I'm thrilled by these two little facts. I have hopes that I will write a scientific paper that will be relevant nearly 10 years after its first publication. But for something I wrote so long ago, as a non-expert in the relevant field, to still have impact... I almost don't care what is being said about the piece. The fact that it is still part of the conversation is enough.

Thursday, January 12, 2012

Twelve years and I'm still not used to his leaving.

I don't know that I will be able to write a post after my partner leaves, so this is left scheduled just in case. From Khalil Gibran's The Prophet, his chapter on Joy and Sorrow:
Then a woman said, "Speak to us of Joy and Sorrow."
      And he answered:
      Your joy is your sorrow unmasked.
      And the selfsame well from which your laughter rises was oftentimes filled with your tears.

      When you are joyous, look deep into your heart and you shall find it is only that which has given you sorrow that is giving you joy.
      When you are sorrowful look again in your heart, and you shall see that in truth you are weeping for that which has been your delight.

      Together they come, and when one sits alone with you at your board, remember that the other is asleep upon your bed.
      Verily you are suspended like scales between your sorrow and your joy.
      Only when you are empty are you at standstill and balanced.
      When the treasure-keeper lifts you to weigh his gold and his silver, needs must your joy or your sorrow rise or fall.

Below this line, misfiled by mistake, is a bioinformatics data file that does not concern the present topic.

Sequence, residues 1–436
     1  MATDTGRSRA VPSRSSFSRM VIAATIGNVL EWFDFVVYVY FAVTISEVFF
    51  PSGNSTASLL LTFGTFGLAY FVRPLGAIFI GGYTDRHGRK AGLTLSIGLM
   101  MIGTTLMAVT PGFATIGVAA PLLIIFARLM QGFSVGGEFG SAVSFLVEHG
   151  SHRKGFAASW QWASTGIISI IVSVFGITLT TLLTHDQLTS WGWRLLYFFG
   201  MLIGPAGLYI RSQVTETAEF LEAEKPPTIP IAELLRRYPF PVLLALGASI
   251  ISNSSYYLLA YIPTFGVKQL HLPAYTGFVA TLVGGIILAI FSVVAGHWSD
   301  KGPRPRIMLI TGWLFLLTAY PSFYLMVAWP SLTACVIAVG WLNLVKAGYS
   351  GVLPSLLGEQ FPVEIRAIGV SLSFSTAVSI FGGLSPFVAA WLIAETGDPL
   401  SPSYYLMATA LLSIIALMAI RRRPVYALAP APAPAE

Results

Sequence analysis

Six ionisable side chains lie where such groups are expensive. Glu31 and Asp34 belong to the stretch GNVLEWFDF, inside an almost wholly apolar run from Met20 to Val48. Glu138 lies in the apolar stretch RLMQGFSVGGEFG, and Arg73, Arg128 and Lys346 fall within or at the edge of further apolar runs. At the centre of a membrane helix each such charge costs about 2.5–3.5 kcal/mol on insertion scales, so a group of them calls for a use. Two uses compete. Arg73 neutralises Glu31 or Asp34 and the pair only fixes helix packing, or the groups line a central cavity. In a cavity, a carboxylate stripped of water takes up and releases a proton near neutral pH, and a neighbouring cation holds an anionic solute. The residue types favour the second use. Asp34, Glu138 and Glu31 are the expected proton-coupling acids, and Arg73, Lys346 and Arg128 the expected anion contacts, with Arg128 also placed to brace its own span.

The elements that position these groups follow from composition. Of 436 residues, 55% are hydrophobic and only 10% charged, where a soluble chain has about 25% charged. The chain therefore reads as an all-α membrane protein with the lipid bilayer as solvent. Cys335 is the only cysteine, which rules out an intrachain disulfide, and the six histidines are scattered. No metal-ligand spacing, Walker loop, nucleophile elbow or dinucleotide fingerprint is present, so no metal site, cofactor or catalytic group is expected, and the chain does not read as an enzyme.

This, too, will pass, I know. Just as the glorious six months we had together as a family slipped quickly through our fingers, this absence, too, will slip quickly by.

Wednesday, January 11, 2012

Happy face

I'm determined to write happy-ish things today.

I wrote a few days ago about not being able to communicate with my greater in-laws the importance of taking this postdoc position even though it didn't solve our 2-body problem. When my mother in-law called me a few days ago, and I told her that I had officially accepted, she gave me a whole hearted congradulations, and the wishes that the position will be everything I hope it will. It was nice.

Vi Hart has a series that thrills my inner botanist. She is such an awesome communicator. Stay tuned for part 3.

I've called in the reserves, and have a long list of friends and family staying with me during my partner's absense. First up, a friend from GradSchool City who I haven't seen in 2 years. Last we talked about kids (when I was pregnant) she was pretty sure she didn't want them for then next long while. I'm curious what her visit with me will do to her opinion.

The really nice thing about having accepted this post doc is that I can look at these next few weeks and know that this distance is only very temporary. I'm not going to be in another situation like this next year. That makes this upcoming 3 months more tolerable.

I have a nice dinner planned with our neighbors and their twin toddlers tonight. I hope this means that Epsilon won't realize what hit him until tomorrow morning, at which point, he may be able to skype with his father.

Hm... maybe that wasn't purely happy-ish. I'll stop with something sappy while I'm ahead.

Tuesday, January 10, 2012

Another 2-body problem solved